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FBI adds suspected Syrian Electronic Army hackers to ‘most wanted’ list
There’s a reward of $100,000 for information leading to the arrest of the hackers.
The FBI today unveiled charges against three Syrian hackers who successfully hijacked websites and social media platforms of the U.S. military and prominent American media organizations, including the Daily Dot.
Amad Umar Agha, 22; Firas Dardar, 27; and Peter Romar, 36, have been charged with multiple conspiracies related to computer hacking under the veil of the Syrian Electronic Army (SEA), a group that works in support of Syrian president Bashar al-Assad.
According to the FBI, Dardar, also known online as “The Shadow,” extorted U.S. businesses for profit with Peter “Pierre” Romar. The duo would allegedly hold the computers they hacked ransom, threatening to destroy or delete data if they weren’t compensated.
The Daily Dot was compromised by SEA in 2013 by a technique called “spear-phishing.” By posing as a staffer and sending infected links to other company employees, the group gained access to our content management system, deleted an article about Assad that they didn’t like (it was quickly restored), and left their mark on an unpublished article.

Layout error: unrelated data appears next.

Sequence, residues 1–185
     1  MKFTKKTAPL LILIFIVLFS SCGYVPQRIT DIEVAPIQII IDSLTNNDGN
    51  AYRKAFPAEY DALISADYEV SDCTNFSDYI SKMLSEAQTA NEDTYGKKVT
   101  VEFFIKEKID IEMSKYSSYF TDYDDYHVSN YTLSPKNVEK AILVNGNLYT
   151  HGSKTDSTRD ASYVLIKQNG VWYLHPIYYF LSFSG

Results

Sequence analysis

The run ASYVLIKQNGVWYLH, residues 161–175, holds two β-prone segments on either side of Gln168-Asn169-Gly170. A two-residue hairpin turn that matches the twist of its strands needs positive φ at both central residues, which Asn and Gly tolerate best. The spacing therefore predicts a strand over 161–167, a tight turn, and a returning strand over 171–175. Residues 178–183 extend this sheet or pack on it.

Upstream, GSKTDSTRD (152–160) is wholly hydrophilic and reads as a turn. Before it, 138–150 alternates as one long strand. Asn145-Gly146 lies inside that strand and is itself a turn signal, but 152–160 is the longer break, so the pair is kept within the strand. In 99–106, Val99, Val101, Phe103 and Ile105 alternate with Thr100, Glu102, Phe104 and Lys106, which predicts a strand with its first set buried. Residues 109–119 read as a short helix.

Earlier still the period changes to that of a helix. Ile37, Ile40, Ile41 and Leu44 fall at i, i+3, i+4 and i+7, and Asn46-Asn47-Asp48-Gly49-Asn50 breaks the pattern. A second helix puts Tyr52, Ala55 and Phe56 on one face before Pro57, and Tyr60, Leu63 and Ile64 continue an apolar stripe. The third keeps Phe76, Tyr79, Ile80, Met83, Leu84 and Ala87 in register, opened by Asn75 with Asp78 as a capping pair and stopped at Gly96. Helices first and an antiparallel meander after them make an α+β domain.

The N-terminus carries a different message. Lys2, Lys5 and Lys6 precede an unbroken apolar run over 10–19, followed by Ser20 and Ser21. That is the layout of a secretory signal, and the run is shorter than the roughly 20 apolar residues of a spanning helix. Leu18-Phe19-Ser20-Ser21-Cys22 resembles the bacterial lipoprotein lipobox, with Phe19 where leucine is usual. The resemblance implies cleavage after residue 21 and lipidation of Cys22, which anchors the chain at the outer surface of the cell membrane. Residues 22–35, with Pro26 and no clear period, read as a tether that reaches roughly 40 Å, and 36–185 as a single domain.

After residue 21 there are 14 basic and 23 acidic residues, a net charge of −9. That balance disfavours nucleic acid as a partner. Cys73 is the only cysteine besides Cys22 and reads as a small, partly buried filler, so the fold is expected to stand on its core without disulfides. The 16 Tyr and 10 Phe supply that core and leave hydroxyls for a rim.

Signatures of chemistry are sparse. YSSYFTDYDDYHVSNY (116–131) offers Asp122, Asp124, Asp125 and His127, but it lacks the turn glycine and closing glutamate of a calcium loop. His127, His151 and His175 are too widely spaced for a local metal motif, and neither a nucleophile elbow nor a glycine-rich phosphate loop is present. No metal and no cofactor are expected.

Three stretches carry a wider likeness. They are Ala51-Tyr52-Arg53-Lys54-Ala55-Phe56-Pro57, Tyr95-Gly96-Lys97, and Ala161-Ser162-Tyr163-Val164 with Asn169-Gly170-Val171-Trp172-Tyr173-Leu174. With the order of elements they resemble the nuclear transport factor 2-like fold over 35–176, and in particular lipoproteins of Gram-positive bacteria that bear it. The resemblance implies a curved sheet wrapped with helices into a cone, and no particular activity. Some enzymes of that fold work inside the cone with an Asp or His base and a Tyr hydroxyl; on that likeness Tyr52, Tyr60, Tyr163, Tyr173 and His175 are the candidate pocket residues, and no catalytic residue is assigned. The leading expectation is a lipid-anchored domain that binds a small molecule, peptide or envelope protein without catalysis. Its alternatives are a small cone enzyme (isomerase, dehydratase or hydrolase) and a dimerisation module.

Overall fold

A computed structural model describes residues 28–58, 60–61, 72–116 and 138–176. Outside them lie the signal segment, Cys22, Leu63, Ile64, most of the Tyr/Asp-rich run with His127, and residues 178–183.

When the hackers hijacked the Associated Press’s Twitter account, they falsely claimed that explosions had rocked the White House.
The tweet spread like wildfire. The Dow dropped nearly 100 points almost instantly, though stocks did soon bounce back.
“These three members of the Syrian Electronic Army targeted and compromised computer systems in order to provide support to the Assad regime as well as for their own personal monetary gain through extortion,” FBI assistant director Paul M. Abbate said in a statement.
“As a result of a thorough cyber investigation, FBI agents and analysts identified the perpetrators and now continue to work with our domestic and international partners to ensure these individuals face justice in the United States. I want to thank the dedicated FBI personnel, federal prosecutors, and our law enforcement partners for their tremendous efforts to ensure on-line criminal activity is countered, U.S. cyber infrastructure is safeguarded, and violators are held accountable under the law.”
Photos via FBI | Remix by Fernando Alfonso III
Patrick Howell O'Neill is a notable cybersecurity reporter whose work has focused on the dark net, national security, and law enforcement. A former senior writer at the Daily Dot, O'Neill joined CyberScoop in October 2016. I am a cybersecurity journalist at CyberScoop. I cover the security industry, national security and law enforcement.